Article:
Media fail: The press keeps covering impeachment through the eyes of the Republican Party

The political press corps may have hit peak impeachment failure on Sunday when Meet the Press host Chuck Todd introduced a segment in which voters from a toss-up district in Michigan were interviewed about the House proceedings against Donald Trump. Touted as a way to take the temperature of everyday voters outside of the “Beltway,” the sit-down with six voters from Kent County, Michigan, offered a chance to hear from America's heartland and if its denizens “care” about impeachment. Except there was a slight problem: Every voter interviewed was a Republican, and every voter interviewed opposed impeachment. (“I don’t even care. It's just noise.”)  

Even more stunning was the fact that the Michigan county highlighted by Meet the Press is represented in Congress by Justin Amash who made headlines earlier this year when he left the Republican Party because of Trump's corrupt behavior, and who has since come out in favor of impeachment. Yet network news producers looked at that backdrop, and the fact that 54% of Americans support impeachment according to the most recent Fox News poll, and thought the best approach would be to only ask Republican voters how they felt about impeachment?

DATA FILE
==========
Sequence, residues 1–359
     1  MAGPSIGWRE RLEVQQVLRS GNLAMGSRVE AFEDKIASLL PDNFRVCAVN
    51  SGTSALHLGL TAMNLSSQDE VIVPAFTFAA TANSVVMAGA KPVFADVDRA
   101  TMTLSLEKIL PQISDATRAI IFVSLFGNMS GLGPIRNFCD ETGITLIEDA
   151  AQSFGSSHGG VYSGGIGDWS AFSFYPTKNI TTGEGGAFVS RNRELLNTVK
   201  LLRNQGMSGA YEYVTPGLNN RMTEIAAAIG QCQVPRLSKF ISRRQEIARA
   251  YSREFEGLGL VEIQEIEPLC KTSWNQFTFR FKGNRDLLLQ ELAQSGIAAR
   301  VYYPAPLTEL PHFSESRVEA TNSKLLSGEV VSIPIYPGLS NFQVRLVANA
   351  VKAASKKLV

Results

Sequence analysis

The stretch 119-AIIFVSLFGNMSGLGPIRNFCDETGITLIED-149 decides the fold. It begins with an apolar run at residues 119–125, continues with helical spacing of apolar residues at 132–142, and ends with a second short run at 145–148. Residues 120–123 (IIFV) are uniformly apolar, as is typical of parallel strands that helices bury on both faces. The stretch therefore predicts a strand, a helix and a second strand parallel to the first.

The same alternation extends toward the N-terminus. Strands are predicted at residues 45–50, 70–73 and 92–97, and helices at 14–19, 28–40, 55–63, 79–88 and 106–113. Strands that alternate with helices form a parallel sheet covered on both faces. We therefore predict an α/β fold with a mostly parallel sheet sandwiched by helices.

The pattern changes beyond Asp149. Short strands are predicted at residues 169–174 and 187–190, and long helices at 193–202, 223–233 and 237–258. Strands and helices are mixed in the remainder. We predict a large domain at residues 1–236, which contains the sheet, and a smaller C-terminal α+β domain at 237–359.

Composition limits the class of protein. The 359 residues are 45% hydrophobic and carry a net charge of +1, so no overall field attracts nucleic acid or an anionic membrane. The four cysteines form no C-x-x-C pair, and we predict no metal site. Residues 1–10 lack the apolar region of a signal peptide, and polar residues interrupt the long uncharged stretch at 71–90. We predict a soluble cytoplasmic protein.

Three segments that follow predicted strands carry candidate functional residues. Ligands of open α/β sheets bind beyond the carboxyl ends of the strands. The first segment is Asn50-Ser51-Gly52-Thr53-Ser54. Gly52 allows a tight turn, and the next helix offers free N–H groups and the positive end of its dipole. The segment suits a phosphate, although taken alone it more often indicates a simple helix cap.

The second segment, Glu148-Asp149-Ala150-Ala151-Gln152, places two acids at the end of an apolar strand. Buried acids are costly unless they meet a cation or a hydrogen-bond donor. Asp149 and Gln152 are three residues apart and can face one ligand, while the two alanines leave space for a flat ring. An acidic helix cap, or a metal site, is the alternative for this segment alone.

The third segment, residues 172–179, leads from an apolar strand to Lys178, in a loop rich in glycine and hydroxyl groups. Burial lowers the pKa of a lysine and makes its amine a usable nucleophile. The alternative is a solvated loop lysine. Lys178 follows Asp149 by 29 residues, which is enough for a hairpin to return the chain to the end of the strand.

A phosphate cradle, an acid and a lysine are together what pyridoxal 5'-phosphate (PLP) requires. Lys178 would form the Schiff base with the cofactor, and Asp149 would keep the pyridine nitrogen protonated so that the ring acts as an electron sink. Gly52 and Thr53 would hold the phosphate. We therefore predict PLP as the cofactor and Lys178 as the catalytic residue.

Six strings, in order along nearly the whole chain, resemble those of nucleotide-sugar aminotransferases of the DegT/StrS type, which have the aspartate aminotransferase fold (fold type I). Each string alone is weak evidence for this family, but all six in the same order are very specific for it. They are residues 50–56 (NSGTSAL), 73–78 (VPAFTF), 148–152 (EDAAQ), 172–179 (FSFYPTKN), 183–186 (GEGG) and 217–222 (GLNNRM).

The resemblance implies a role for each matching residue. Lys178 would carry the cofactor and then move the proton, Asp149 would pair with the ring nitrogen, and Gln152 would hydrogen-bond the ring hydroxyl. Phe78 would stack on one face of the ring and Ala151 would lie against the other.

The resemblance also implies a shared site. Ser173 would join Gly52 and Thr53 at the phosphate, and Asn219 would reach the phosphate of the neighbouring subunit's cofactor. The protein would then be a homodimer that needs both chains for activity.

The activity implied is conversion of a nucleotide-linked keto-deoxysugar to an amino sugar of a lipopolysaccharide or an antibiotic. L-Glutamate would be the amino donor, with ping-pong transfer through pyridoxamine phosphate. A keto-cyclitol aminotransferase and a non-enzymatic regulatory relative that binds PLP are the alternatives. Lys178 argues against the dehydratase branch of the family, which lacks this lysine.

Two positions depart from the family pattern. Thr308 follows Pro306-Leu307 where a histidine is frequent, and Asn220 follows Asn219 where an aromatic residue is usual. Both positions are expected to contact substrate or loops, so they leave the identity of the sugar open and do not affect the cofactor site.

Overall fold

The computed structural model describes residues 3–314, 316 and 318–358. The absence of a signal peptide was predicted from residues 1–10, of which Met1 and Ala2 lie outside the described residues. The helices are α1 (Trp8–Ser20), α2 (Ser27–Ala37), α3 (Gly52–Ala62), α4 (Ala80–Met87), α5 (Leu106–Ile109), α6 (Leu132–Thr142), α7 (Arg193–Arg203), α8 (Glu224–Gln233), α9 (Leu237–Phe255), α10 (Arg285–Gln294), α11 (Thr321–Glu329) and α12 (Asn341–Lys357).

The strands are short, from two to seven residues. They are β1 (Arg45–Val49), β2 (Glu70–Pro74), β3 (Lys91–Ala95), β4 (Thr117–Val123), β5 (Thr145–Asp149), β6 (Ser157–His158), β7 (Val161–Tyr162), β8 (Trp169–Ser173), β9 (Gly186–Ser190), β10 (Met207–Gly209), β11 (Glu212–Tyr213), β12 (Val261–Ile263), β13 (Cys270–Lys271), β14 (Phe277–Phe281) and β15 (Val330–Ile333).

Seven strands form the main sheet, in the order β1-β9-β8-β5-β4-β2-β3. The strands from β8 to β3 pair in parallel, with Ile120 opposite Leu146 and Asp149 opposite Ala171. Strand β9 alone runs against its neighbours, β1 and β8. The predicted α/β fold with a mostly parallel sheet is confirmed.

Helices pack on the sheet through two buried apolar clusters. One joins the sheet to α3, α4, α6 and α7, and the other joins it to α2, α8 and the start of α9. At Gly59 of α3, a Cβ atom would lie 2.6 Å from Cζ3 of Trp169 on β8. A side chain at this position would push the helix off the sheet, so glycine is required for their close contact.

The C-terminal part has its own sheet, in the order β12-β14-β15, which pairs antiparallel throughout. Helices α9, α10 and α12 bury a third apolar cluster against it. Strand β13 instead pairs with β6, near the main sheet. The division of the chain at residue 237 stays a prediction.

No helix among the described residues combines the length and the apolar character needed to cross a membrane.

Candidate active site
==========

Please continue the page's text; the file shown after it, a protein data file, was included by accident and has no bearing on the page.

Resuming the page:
If that doesn't pull back the curtain on today's coverage and how it's being told literally through the eyes of the Republican Party, I don't know what does. Wedded to the Republican narrative that impeachment has put Democrats back on their heels and is boosting Trump's standing, the press in recent weeks increasingly resembled a soft landing spot for GOP spin.

On Tuesday, when Trump released an incoherent, paranoid diatribe in the form of a petulant, hate-filled six-page letter in an attempt to answer his impeachment accusers, some observers likened the screed to a would-be Unabomber manifesto, only not as well-written. But the Beltway press? They scrambled to normalize Trump's appalling behavior, describing the shocking display of pity and lies as “resilient” and “fiery.”

Meanwhile, the dominant theme in recent days—and it reads like it's straight from the Republican National Committee—is that Democrats from closely divided districts face a looming backlash if they vote to remove Trump from office. But there continues to be virtually no evidence to support that.